That morning’s announcement of the death of Thailand’s beloved King Bhumibol colored my thoughts. I knew the Sweet Bride would be so sad, I kept thinking how she, and even her mother, had known this good king their entire lives. As I drove, BBC told stories of his benevolence and concern for his people, a kind and respectful leader.

And then closer to home, the ongoing, orange-tinged insanity continued. Offensive is much too mild a word to describe the disrespectful spewings of venom toward other human beings by the Republican nominee. We have endured this for months, but this day reached the nadir with revelations by his victims.

By midday, bits and pieces of Michelle Obama’s heartfelt, furious speech began to be broadcast. I want to link the whole thing here, because Michelle put into words what we felt, both her disgust at what’s happened and her belief that “real men, strong men” don’t do this. FLOTUS’s speech in New Hampshire.

Listening to the whole speech, I realized that even in her anger, she left me with hope as she described her involvement in the U.S. Government’s initiative to insure education for adolescent girls around the world – “Let Girls Learn.”

I keep picturing Michelle at the podium literally pushing up the sleeves of her navy-blue sweater as she spoke of her hopes for young women (some of their smiling young faces in the audience) – making us want to protect them (and all children) and help them, never, ever disrespect them.

The Nobel Committee also lifted me up that day. The car echoed with the music and memories stirred by the selection of Bob Dylan to receive the Nobel Prize for Literature!

The honorable King Bhumibol, Dylan, and Michelle Obama. I want to fill my mind with their lessons, encouraging us always to “Go High”!

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How About Your Personal Projects?

The Cambridge Research professor Brian R. Little, author of “Me, Myself, and Us: The Science of Personality and the Art of Well-Being” asks about our personal projects – how many we have and what they are.

Since the 1980s, Little has studied “trait psychology,” which looks at patterns of behavior, thought, and emotion, and he specifically peers through a lens of personal projects. For him these projects must have “personal saliency” – be significant for the individual. He finds people “typically report that they are pursuing about 15 personal projects at any one time.”

I read about Little’s book in connection with creativity, and was curious about his use of projects to define us. His book sometimes employs obscure (to me) words where simpler ones might do, but I reread and made notes to try to comprehend the chapter “Personal Projects: The Happiness of Pursuit.”

Little writes: “Personal projects are the things we are doing or planning on doing in our everyday lives. Personal projects can range from routine acts (e.g. ‘put out the cat’) to the overarching commitments of a lifetime (e.g. ‘liberate my people’). They may be solo pursuits or communal ventures, self-initiated or thrust upon us, deeply pleasurable or the bane of our existence. As our personal projects go, so does our sense of well-being.”

This might fall into the category of “duh” – that modern catch-all for the obvious (yes we do feel better when we get something done), but his ideas expand my list of core (really important to me) projects to include things I wouldn’t have thought of as projects. People differ in their reaction to the word “project,” but it’s interesting to think about what affects our sense of well-being.

My husband and I had a good time comparing lists when we went out to dinner the other night. Because Little devotes a chapter to personality and environmental preferences, I was curious about where my husband needed to live to support his core list. And, while making my list, I realized lists change over time, 10 years ago mine was very different.

The meaningful project and the easily done project have different effects – the latter alone is insufficient to assure well-being (too bad given how often I let the cat out), and meaningful projects tend to be complicated and harder to complete. Not surprisingly, Little says, “Well-being is enhanced when both efficacy and meaning are experienced within the same projects.”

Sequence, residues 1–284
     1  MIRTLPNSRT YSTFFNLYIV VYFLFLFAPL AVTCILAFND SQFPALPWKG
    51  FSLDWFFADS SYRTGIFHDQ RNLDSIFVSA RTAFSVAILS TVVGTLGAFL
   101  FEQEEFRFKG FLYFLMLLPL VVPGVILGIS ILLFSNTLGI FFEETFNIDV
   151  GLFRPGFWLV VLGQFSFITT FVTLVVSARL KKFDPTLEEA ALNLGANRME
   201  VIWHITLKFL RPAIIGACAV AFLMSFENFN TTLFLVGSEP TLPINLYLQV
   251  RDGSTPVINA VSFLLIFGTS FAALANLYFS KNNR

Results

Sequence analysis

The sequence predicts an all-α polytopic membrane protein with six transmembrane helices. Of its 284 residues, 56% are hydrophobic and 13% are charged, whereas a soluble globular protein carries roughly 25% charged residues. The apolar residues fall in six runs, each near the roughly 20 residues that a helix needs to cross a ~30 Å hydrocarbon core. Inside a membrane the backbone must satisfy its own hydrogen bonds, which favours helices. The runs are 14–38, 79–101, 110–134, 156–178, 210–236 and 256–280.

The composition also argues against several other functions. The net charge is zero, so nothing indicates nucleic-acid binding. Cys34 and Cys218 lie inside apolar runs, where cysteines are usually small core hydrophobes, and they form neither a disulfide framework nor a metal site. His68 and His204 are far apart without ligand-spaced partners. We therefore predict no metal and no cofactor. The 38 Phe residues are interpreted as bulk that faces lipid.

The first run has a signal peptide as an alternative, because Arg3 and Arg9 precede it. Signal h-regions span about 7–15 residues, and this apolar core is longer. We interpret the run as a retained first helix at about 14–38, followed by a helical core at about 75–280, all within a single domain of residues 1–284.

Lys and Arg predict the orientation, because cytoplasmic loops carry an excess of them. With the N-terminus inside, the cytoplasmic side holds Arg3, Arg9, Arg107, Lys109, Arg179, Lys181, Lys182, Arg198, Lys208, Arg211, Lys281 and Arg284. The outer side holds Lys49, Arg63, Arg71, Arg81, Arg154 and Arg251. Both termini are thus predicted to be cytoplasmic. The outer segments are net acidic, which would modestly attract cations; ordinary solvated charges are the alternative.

Tangling with Little’s book is a project – but a rewarding one.

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If She Does Or If She Doesn’t

Hillary – she’s damned either way. In a recent New York Times Op-Ed piece, David Brooks explored why Hillary’s numbers in the “dislike” column continue to creep upward (her orange-tinged adversary has similarly high dislike numbers, but we know painfully well what causes those).

While not politically in step with Brooks, I did write about his book, “The Social Animal” (to the horror of a progressive reader). But in this Op-Ed Brooks asks the same question I wonder about all the time. How did we get to this vicious place where so much venom pours on the head of a woman who has devoted her life to public service, performed with grace and calm in trying situations, possesses the experience and knowledge to sort through our problems, and is respected around the world?

Brooks avoids the gender elephant, but posits the dislike is driven by Hillary Clinton’s failure to reveal herself as a person with interests beyond policy and government. She’s seen as someone who works too much and is overly serious. Though praised as warm and loving by people who really know her, Brooks says that the public knows nothing about Hillary’s free time activities. (Given how desperate this election is, what free time I wonder).

Golf or basketball games (anything involving balls either manipulated or watched) seem legitimate for the free time of other public figures, but a little yoga, a walk in a garden, FaceTime with a granddaughter, figuring out a present for a special person would surely draw ridicule as too feminine or too something negative. Apparently the fact that Hillary revealed she eats a hot red pepper each day to ward off colds was mocked as phony.

A therapist once told us that we like people for their flaws. But even if Hillary got self-deprecating and told stories about her flaws – and you know she has them – that would somehow backfire.

I hope she has a secret vice – watches “Nashville” or “The Good Wife” late at night to escape the relentlessness of this campaign. But if she reads briefings in bed, that’s OK with me.

It must lift her spirits when she receives photos of her granddaughter from her daughter, she seems to relish being a granny. And who better to care about where the nation goes (for people on the left), specially when that loving mother and granny is a respected senator, successful Secretary of State, and an incredibly hard working, smart, experienced liberal (she seems to recognize more than some these days that change takes time and negotiation to accomplish).

I don’t know how she keeps it up, but I wish her well – all the way to the White House!

H for Hillary